Esports – The Rising Star In World Sports Entertainment
Esports, also spelled “eSports” or “e-Sports”, and known as electronic sports, egames, or competitive professional gaming, has gone through a remarkable growth spurt over the years.
Today, teams of professional gamers from all around the world are competing in tournaments for prestigious titles as well as whopping cash prizes. However, convincing the world to take it seriously, and to accept it as an actual sport, has taken longer than many realise.
A Brief History of Esports
The very first instance of a computer game tournament dates back to Cambridge University, in the early 1950s. A computer scientist named Alexander Shafto Douglas created the first competitive digital game, called “XOX” for his doctoral thesis, and so it began.
Later on, over the 70s and 80s, a massive boom in the popularity of video arcade games saw many of the first official tournaments and professional gamers beginning to become established.
Over the 1990s, with PC games, and early multiplayer games like Doom, Quake, and Unreal Tournament becoming popular, tournaments and competitions saw a huge surge in popularity. Teams of professional gamers began meeting at the big events, often with thousands of spectators coming to watch. However, even as the 90s drew to a close, and the new millennium began, it was still only the most avid computer and console video game geeks that generally cared for such things, or even knew of them.
In the 2000s, new and improving digital technologies began pushing gaming to ever greater heights of success. With the burgeoning internet steadily connecting the world and allowing news of such events to be shared more freely than ever before, esports truly began to take off.
Since then, some twenty years later, the continued boom in gaming and esports has been likened to a modern-day gold rush.
What Are The Biggest Esports Played Today?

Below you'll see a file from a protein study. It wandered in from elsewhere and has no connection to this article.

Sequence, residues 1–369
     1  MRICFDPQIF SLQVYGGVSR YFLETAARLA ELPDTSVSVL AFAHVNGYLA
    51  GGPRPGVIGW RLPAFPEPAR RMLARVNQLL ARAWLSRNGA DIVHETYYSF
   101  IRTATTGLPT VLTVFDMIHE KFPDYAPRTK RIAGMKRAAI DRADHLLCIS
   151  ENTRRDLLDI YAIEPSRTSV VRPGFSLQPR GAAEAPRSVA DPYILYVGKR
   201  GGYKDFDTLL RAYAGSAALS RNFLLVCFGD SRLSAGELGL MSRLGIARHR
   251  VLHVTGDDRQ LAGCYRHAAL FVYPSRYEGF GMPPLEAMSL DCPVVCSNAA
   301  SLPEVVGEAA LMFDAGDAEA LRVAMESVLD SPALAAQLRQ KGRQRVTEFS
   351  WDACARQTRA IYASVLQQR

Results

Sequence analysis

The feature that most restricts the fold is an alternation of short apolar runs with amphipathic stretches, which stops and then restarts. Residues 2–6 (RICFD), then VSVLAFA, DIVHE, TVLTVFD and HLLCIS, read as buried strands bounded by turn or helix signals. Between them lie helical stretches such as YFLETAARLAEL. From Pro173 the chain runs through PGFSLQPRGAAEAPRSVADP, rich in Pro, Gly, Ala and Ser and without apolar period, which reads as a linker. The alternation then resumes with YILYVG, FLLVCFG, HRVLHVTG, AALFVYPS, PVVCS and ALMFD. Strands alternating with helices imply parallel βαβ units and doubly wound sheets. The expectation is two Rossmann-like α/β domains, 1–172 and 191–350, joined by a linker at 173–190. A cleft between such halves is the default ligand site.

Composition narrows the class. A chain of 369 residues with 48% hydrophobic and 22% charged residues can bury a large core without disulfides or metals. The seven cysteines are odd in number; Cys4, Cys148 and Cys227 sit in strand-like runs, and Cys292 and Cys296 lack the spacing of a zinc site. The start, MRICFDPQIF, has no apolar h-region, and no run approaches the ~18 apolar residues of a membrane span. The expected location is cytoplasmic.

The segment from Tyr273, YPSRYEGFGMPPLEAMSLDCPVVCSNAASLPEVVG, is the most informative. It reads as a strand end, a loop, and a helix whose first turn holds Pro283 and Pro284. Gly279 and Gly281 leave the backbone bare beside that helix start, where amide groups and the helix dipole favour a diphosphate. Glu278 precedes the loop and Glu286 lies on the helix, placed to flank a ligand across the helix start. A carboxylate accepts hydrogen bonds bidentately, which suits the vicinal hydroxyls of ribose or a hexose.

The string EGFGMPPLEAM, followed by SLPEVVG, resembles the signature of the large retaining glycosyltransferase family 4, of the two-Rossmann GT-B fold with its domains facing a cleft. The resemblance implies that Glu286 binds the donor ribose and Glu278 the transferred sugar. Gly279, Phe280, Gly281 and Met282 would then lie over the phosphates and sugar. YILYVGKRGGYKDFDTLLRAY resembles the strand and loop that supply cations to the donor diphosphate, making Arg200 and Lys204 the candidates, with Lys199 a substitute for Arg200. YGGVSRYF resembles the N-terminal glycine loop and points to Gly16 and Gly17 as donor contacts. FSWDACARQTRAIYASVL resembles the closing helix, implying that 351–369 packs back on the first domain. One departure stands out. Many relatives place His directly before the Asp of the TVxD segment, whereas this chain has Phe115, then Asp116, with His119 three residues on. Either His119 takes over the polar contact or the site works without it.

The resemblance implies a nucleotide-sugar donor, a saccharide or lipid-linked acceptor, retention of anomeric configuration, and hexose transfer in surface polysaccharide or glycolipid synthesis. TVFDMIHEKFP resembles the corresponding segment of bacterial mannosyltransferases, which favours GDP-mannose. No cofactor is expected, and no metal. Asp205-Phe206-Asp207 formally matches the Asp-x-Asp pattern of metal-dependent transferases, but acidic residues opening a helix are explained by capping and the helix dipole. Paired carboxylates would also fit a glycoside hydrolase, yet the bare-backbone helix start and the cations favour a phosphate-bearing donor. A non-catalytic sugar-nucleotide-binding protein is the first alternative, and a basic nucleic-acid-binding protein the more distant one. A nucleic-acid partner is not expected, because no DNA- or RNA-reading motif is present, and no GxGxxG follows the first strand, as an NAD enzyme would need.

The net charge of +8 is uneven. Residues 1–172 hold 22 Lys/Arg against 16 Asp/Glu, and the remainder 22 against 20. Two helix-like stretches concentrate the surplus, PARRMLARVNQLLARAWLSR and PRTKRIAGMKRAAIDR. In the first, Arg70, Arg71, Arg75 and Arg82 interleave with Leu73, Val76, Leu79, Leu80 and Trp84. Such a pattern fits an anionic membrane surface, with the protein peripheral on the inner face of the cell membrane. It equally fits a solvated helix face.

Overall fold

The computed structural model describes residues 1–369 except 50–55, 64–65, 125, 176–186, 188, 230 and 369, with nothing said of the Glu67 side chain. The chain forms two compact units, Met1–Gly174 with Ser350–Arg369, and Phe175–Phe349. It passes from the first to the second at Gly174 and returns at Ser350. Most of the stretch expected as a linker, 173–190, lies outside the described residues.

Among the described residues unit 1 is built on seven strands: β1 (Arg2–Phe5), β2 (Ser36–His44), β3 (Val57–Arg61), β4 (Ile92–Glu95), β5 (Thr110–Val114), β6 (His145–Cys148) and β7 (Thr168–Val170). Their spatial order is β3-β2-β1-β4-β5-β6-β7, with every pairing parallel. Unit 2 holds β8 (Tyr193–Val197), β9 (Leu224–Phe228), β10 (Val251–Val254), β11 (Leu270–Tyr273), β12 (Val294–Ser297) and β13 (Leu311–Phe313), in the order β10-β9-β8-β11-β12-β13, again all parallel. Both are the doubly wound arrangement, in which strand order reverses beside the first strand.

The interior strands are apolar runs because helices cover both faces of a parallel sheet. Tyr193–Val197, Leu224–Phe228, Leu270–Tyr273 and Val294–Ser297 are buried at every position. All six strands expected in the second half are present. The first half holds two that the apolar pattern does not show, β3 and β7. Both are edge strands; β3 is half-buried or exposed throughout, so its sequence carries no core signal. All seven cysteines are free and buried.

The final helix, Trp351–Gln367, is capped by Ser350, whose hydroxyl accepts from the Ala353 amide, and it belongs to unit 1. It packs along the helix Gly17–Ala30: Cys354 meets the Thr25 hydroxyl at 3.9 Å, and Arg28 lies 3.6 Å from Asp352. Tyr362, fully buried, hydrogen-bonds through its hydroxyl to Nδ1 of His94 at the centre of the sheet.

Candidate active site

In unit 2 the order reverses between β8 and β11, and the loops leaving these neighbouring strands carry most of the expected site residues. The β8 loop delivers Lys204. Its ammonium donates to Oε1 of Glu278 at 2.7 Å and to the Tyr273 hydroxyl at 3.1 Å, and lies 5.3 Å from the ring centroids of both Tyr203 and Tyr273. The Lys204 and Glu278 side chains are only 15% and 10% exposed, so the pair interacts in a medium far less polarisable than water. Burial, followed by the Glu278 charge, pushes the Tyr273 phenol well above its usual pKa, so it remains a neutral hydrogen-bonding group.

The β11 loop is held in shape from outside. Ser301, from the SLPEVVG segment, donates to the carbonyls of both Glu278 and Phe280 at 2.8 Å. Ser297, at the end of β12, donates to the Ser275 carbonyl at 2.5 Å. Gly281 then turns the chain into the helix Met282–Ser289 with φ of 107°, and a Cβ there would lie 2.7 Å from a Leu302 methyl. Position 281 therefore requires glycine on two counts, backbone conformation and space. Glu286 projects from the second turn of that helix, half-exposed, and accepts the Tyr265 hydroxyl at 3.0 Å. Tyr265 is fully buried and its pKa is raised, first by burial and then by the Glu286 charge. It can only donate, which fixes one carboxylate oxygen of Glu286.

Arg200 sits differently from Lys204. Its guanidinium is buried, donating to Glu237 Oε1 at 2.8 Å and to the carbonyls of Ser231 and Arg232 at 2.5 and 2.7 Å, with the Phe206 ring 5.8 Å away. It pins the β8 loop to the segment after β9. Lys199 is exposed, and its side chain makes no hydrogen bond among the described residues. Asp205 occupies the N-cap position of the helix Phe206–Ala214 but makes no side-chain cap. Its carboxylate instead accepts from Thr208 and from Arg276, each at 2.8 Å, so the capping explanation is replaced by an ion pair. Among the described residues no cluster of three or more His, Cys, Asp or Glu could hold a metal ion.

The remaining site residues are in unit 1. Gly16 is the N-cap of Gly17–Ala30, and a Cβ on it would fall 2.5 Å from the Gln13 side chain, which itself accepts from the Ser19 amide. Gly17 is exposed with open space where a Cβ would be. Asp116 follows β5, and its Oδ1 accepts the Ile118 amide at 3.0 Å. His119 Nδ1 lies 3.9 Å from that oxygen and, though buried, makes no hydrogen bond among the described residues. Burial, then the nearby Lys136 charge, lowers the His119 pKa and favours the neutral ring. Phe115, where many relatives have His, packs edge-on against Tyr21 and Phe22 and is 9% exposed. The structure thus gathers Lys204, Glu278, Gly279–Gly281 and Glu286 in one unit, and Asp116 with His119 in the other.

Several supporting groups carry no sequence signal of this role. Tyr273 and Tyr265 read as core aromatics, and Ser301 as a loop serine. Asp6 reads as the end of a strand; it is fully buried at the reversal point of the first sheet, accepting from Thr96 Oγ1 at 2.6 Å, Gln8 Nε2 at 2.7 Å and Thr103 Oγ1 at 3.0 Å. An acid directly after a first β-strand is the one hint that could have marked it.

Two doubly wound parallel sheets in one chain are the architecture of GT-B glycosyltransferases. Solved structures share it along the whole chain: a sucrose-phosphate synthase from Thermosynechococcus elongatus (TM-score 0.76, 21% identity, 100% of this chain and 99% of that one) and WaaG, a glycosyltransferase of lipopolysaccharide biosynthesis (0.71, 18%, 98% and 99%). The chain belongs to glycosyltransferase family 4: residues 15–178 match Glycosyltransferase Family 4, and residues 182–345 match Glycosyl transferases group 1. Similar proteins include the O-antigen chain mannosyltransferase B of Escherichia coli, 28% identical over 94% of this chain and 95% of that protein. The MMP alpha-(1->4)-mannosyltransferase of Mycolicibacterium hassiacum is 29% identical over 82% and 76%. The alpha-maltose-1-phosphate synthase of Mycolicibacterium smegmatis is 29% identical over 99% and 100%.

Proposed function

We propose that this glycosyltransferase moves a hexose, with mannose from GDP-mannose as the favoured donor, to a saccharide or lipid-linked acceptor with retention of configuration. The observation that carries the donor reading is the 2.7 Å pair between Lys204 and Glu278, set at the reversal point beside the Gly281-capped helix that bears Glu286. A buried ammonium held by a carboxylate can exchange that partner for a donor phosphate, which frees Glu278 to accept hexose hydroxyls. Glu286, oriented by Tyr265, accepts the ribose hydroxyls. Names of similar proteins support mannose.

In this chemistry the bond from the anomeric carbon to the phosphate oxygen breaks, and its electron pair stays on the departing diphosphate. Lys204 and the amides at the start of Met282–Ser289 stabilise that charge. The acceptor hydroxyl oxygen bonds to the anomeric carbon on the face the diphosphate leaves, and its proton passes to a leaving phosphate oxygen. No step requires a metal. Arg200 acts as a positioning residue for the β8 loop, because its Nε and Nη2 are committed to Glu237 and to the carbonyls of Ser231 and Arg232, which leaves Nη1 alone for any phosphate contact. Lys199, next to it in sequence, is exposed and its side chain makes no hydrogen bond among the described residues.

Over the past decade, the highest echelons of esports have been dominated by a handful of major games, with a few new competitors joining the list in recent years.
The following list of esports games is ranked by prize money, and includes:
- DOTA 2 – peaks at around 15 million viewers and has around 59 active teams. Its prize pool is at around $36 million and counting.
- League Of Legends – peaks at 44 million viewers, with 24 teams competing for around $30 million in prize money.
- Fortnite – Peaks at 2 million viewers, has around 40 million online competitors, and offers around $30 million in prize money.
- Overwatch – Peaks at 300k viewers, with 20 teams, and $5 million in prize money.
- PUBG – Peaks at 800k viewers, has 20 teams, and $2 million in prize money.
- CS:GO – peaks at around 1.3 million viewers. It has 40+ competing teams and offers $1 million for the championship title.
A Growing Gaming Giant
Today, gaming alone has become a bustling billion-dollar industry, supplanting even Hollywood as the world’s number one supplier of entertainment. It’s as popular as Grand Rush Casino and offers endless action and excitement.
By 2025, there is predicted to be over 300 million viewers watching esports on a daily basis. Millions more are expected to watch from on a more casual basis.